Monday, April 26, 2010

Dead as a Doornail by Charlaine Harris

I started this book with the intent to have an easy read before giving birth. I was usually uncomfortable at night and Dead as a Doornail didn't require a lot of concentration. Olivia came early though, so this book has been filling the small gaps of free time in my sleep-deprived, new-mommy life. Again, it has been a big perk that the story requires minimal brain power to get through. I'm starting to appreciate this series more and more for the mindless fodder it is. If I go into each book without any quality expectations I can enjoy them for the fun, fast reads they are.

Large errors still bother me though, like this one on pages 53-54 where a detective goes to Sookie's house to poke around while Sookie is at work, then heads to Merlotte's to talk to Sookie in person where Sookie gives the detective directions to her house for an interview they set up to take place the next day. The detective tells Sookie she was at her house, she doesn't need directions. DETAILS. Errors like this make the series feel mass produced and I'd like to think the author takes pride in her work no matter what. Mistakes and oversights like this say otherwise.

Dead as a Doornail keeps Sookie very busy once again. There's a serial killer out hunting shape shifters and people think it's Jason. Sookie to the investigative rescue. Meanwhile, someone is trying to kill Sookie and burns 1/2 her house down in a failed attempt to end her life. All the supernatural males in the book want to sleep with Sookie, which is a lot to deal with for a girl just trying to stay alive. Vampires are mad at her for butting into their business and werewolves are using her telepathy for their own purposes which just forces her into yet more uncomfortable and dangerous situations. She gets shot, beaten up, nearly killed twice, and cracks a rib just going about her everyday life.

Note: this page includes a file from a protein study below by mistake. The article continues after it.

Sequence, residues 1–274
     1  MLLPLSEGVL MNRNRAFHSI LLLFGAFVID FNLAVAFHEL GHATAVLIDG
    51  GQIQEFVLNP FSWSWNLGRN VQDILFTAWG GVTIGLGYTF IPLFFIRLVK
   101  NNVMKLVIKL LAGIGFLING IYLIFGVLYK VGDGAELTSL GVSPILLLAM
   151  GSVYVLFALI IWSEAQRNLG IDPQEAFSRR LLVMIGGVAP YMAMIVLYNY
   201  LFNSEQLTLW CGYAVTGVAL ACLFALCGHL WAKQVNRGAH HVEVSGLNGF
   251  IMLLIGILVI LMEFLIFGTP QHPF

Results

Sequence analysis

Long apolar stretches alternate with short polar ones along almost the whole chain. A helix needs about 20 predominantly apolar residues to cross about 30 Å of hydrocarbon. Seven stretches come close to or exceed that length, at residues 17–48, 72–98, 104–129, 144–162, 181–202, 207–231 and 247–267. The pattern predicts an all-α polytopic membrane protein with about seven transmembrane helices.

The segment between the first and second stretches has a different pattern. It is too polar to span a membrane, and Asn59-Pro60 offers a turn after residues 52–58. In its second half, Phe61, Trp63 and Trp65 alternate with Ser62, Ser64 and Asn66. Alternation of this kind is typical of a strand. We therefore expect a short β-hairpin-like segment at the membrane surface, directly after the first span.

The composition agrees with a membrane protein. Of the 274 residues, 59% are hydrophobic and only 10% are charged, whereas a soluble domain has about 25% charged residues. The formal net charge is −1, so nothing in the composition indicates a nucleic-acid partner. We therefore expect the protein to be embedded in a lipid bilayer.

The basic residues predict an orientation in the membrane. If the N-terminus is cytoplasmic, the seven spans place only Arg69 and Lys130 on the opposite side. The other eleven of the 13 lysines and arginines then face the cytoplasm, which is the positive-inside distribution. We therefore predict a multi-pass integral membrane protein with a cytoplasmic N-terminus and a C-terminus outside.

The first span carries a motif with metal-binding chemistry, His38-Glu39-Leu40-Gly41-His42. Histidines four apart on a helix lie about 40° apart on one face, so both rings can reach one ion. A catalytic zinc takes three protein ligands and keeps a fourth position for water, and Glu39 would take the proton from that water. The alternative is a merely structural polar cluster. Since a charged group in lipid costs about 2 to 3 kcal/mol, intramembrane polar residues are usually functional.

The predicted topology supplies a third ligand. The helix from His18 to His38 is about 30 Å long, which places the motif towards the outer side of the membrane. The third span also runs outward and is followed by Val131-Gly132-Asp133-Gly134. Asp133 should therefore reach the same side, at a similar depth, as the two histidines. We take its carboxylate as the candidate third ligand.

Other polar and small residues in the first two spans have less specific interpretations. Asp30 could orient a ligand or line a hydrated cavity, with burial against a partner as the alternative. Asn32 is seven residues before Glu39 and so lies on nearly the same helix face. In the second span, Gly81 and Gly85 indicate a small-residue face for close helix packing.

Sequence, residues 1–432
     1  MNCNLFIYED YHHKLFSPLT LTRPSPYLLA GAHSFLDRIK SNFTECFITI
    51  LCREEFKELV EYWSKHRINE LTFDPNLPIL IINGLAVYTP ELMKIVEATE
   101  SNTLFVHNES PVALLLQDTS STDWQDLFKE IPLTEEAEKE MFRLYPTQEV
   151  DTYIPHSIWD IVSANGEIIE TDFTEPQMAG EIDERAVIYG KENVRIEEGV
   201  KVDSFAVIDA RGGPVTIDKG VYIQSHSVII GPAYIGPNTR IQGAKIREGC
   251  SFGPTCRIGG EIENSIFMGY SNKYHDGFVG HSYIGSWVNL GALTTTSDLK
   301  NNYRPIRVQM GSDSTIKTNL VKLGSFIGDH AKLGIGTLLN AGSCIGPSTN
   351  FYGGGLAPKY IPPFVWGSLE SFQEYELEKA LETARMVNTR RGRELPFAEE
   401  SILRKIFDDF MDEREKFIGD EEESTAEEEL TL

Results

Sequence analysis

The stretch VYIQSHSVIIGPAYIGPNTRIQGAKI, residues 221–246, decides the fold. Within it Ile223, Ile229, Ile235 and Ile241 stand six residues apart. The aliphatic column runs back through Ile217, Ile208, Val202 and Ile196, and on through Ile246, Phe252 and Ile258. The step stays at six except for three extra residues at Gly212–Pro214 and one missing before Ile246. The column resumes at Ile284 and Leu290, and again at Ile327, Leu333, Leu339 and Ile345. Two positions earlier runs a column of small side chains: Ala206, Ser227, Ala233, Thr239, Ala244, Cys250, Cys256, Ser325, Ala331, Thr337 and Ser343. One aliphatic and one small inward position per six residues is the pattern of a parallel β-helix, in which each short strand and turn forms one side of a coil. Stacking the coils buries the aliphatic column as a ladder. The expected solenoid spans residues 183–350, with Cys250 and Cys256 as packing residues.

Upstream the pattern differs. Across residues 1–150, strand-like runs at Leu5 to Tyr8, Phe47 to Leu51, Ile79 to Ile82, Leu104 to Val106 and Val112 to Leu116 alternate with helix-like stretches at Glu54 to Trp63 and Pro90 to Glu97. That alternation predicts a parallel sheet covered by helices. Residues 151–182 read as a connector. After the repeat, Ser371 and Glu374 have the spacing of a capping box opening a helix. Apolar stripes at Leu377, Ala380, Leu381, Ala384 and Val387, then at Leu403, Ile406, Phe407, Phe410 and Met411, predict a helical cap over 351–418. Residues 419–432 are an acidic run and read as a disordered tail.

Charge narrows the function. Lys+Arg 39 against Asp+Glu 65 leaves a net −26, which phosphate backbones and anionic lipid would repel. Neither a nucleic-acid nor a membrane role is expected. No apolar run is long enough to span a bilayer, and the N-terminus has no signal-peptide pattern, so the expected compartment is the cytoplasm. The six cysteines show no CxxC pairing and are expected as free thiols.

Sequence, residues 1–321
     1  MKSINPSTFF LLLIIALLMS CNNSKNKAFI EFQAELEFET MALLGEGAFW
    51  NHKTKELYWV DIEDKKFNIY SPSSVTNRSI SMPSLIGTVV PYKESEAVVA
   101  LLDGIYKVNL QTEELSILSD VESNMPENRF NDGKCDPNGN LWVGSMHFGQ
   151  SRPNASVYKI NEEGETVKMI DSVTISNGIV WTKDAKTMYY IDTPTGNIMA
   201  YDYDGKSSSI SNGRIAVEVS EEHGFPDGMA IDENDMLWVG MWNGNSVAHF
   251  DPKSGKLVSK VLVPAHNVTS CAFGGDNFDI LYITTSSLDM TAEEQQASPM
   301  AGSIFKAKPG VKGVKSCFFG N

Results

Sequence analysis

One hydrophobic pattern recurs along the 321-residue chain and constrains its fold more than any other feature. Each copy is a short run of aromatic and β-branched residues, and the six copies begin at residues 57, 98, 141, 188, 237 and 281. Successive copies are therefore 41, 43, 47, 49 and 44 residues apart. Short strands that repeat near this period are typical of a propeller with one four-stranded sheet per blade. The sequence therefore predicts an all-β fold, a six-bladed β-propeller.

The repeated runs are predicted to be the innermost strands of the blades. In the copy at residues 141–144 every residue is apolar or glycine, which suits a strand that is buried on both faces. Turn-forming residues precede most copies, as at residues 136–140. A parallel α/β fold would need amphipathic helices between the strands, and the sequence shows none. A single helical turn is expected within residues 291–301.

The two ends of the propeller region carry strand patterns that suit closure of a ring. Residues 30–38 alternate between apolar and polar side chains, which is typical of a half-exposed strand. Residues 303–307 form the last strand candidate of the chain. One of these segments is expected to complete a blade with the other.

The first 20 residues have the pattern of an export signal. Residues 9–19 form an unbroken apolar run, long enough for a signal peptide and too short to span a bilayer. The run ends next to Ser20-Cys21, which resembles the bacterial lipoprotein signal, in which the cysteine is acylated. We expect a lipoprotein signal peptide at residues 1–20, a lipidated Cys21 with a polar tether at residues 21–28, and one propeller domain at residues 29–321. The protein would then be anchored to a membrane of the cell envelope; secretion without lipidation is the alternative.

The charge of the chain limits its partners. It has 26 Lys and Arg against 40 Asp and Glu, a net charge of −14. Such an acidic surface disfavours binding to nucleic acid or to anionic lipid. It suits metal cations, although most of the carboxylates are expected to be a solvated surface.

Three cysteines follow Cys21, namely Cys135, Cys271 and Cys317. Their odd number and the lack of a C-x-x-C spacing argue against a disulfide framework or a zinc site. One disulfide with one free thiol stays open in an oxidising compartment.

The stories seem to get more disjointed and convoluted as the series goes on, almost as if Harris is attempting to include all the characters previously introduced as important in each book while adding new ones. It's getting crowded and not adding any substance to the plot line for sure.

Sookie is also becoming a less appealing narrator as the series continues. She's just not smart enough to be our narrator anymore. The events she's witnessing are too intricate for her to process in a way that gives the reader all the information they want. For example, the reader learns more about the intricacies of the Shreveport wolf pack in this book and gets a glimpse of the cutthroat politics the govern the group. Sookie's observations focus more on her aversion to two wolves fighting each other than the subtleties that lead to the election of a new pack leader.

I only have one more book in the series to read before I have to decide if I want to buy more of them. I think Sookie Stackhouse is going to take a back seat for now. I'd rather be reading Dr. Seuss to Olivia.

Sunday, April 18, 2010

The Zombie Survival Guide by Max Brooks